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Gareth Thomas MP, Former Minister for Trade, Development and Consumer Affairs (jointly with DFID)
Hilton Hotel, Hanoi, 16 January 2009
I visited Vietnam four years ago as a development Minister.
It is good to be back in Vietnam and to be able to celebrate Britain and Vietnam’s ever closer links.
Vietnam is a remarkable success story.
Vietnam, like the rest of the world, is having to deal with the global downturn, but its success in reducing the numbers in poverty from 70% to 20% - the fastest reduction in recorded history is testimony to the remarkable development of this country.
Vietnam’s success offers an important lesson for us with the difficult economic times we are now facing.
Vietnam has increasingly opened up its economy.
We have continued to provide aid and we’ll carry on doing so, but it is the growth of trade, the development of a private sector and the encouragement business to business trade which lies at the heart of Vietnam’s success.
With its 2007 accession to the WTO, and report after report from the likes of UNCTAD praising its progress, the expectation is that Vietnam will continue to deliver for its people, and by extension, business.
Today, I want to touch on three issues: The global slowdown; the continuing case for open markets; and the UK Vietnam bilateral business relationship.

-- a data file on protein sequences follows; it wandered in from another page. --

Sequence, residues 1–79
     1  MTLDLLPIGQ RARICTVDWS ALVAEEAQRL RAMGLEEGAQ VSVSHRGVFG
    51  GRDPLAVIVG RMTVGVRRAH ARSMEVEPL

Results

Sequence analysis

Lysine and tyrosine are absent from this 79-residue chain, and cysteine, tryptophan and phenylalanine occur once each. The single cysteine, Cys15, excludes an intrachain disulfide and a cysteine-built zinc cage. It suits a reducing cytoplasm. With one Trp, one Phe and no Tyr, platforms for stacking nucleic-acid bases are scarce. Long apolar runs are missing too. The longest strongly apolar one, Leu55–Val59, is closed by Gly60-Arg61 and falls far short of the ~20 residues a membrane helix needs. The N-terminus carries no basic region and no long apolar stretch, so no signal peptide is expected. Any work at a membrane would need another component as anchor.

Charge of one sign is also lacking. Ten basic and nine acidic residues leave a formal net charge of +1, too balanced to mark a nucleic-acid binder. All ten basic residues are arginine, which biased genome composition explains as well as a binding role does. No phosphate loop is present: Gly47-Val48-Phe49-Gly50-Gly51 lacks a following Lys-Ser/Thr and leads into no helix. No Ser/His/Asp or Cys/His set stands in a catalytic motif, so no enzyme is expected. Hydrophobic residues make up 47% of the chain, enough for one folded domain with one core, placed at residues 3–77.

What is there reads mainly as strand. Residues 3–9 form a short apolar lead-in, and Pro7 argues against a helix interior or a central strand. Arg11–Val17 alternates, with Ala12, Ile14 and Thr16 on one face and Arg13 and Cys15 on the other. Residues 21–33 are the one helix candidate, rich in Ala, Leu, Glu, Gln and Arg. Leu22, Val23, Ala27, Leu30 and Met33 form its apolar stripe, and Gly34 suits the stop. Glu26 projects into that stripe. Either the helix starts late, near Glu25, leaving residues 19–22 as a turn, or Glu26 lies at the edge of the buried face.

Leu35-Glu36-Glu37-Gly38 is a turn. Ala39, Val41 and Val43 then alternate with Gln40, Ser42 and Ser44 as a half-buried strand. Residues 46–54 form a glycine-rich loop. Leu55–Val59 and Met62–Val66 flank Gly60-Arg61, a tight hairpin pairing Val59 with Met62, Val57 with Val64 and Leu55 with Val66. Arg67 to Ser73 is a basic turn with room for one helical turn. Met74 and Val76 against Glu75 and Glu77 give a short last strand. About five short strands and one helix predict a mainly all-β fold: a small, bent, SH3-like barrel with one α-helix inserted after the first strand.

The current challenges to the UK, and the global economy, are severe.
We are committed to an international policy response, for instance, coordinated action has already been taken to reduce interest rates.
We have been working too to champion fiscal stimulus packages to help stimulate demand.
And coordinated reform of the international financial institutions, the world’s economic governance, is also clearly needed to equip them for the 21st century.
We are committed to coordinated international action because no country is unaffected; no one country is going to be able to get through the global downturn on its own; and no one country is going to be able to protect itself at the expense of others.
So protectionism, new tariffs and taxes or new restrictions on international trade business are not the answer.
That’s why we are determined to use our G20 presidency to continue to push for a conclusion to the WTO Doha Development Round.
The benefits to the global economy are estimated at €120 billion annually.
Consumers will benefit - lower prices (especially of food), greater variety of products, and increased competition in the supply of goods and services.
We want too to accelerate EU-ASEAN talks too if a free trade agreement can be agreed.
If progress is slow at a regional level, perhaps we should first negotiate EU FTA agreements with those countries in the region who are ready now.
I have therefore been discussing with Vietnamese Ministers the options to ensure we are laying the foundations for an increase in EU ASEAN trade.
Indeed the UK now has a broad and fast maturing agenda with Vietnam spanning trade, development, justice and security.
This manifested itself last year during Prime Minister Dung’s visit to the UK.
With 90 million consumers, and retail sales up 20% year on year, the UK sees Vietnam as an exciting and vibrant market.
UK business interest in Vietnam is at unprecedented high levels and we are now the third largest EU investor.
And with over 5000 Vietnamese students in UK Universities, there is clearly an appetite for the UK in Vietnam.